WASHINGTON — Industry officials stopped short of suggesting drastic changes to safety guidelines at air shows and air races across the country before a sometimes skeptical National Transportation Safety Board on Tuesday.
They did, however, signal they will continue clarifying rules protecting pilots and spectators in the wake of a Reno crash that killed 11 people in September.
John McGraw, the Federal Aviation Administration’s deputy director for flight standards, told NTSB members that current regulations do not need to be revamped. But he said he is open to change if the FAA learns “of a risk that exceeds the boundary of what we think is acceptable.”
When directly asked by NTSB chairwoman Deborah Hersman whether he thought air show and air race rules are stringent enough, McGraw did not hesitate to answer.
“Yes, I think so,” he said. “Most of the changes in our policy and guidance are currently to make it clearer and easier to understand the requirements in place.”
During a midday press briefing, Hersman said the federal agency is currently investigating incidents at 11 separate air shows or air races and hopes to learn valuable safety lessons. The hearing was meant to serve as an “opportunity for us to gather information, not come to any conclusions,” she added.
“They said that they thought the standards are adequate as they exist now,” she said of the consensus among two of the three panels.
John Cudahy, president of the International Council of Air Shows, said that the United States is one of the most conservative countries in the world when it comes to air performance standards.
Cudahy said the latest iteration of the air show council’s safety policy relies on a four-pronged approach: keeping pilots a secure distance from the audience, making sure flyers complete an Aerobatic Competency Evaluation (ACE) program, maintaining an unmarked safe zone known as an “aerobatic box,” and prohibiting pilots from “directing any energy” toward the crowd.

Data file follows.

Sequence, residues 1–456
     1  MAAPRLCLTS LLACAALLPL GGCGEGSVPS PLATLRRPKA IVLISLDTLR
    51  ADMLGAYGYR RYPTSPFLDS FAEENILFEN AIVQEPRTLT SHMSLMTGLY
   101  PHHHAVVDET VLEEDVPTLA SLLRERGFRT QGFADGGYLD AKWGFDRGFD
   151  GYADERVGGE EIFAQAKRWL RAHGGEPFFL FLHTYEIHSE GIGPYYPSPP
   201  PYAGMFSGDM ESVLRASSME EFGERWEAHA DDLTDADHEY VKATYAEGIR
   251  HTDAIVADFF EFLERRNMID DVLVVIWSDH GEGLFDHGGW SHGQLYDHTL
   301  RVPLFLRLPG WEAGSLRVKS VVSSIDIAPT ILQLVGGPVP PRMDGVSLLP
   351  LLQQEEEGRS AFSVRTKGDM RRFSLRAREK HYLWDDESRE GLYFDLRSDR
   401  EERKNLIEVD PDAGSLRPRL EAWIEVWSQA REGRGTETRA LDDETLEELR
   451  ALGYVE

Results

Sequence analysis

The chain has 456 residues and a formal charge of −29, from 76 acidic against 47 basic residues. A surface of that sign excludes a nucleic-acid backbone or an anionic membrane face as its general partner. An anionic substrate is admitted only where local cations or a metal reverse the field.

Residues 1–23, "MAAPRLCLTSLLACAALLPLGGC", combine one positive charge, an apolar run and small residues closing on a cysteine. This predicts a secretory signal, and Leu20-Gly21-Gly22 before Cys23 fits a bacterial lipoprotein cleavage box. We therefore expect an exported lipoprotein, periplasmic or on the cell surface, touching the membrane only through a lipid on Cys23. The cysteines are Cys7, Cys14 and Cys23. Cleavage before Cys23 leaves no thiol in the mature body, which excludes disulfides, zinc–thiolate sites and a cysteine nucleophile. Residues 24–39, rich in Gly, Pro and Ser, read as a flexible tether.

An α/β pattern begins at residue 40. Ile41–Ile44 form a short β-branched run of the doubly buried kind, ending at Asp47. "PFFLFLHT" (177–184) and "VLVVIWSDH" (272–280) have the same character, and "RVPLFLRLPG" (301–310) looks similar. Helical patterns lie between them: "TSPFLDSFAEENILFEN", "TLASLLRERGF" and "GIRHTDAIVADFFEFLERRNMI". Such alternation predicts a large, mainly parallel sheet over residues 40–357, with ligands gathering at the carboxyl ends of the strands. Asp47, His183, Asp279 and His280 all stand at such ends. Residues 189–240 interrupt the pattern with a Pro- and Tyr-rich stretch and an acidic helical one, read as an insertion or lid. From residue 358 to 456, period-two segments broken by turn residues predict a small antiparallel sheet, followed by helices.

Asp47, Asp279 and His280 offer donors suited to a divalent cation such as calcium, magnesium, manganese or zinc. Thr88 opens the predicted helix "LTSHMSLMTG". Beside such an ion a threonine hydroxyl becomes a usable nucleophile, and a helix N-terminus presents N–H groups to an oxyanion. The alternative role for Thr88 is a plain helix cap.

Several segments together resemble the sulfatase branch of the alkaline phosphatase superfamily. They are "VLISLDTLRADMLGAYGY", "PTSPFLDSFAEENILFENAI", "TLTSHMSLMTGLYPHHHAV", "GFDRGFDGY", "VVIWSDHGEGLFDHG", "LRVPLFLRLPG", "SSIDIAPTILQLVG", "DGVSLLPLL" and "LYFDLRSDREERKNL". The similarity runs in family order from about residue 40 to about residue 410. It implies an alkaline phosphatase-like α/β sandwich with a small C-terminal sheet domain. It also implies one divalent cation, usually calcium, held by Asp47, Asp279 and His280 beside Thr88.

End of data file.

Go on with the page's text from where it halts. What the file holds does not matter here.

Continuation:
Industry spokesman George Cline drew raised eyebrows when he admitted air bosses — whom he likened to “the director and the producer” of any air show — do not currently require any certification.
Aspiring air bosses can take optional courses offered through the council and shadow more experienced air bosses, said Cline, who is president of Air Boss, Inc. Basically, pilots have to “take it upon themselves” to learn what the key role entails, he said.
During board questioning, NTSB member Robert Sumwalt asked Cline whether he could walk into an airport and become an air boss today. Cline told him if any show or race organization wished to hire him, such a hypothetical scenario would not be out of the question.
“And that disturbs me,” Sumwalt replied. “Thank you.”
Sean Tucker, a performer with Team Oracle, offered another concern in his testimony. Pilot Tucker urged NTSB members to elevate industry standards “just a little bit higher” to ensure only the best flyers lift off the runway.
“I can find an ACE to give me my card,” Tucker said, referring to a pilot training program and its de facto diploma. “And in probably less than 100 hours, I can probably go out and fly in front of my mom and pop. And not be qualified.”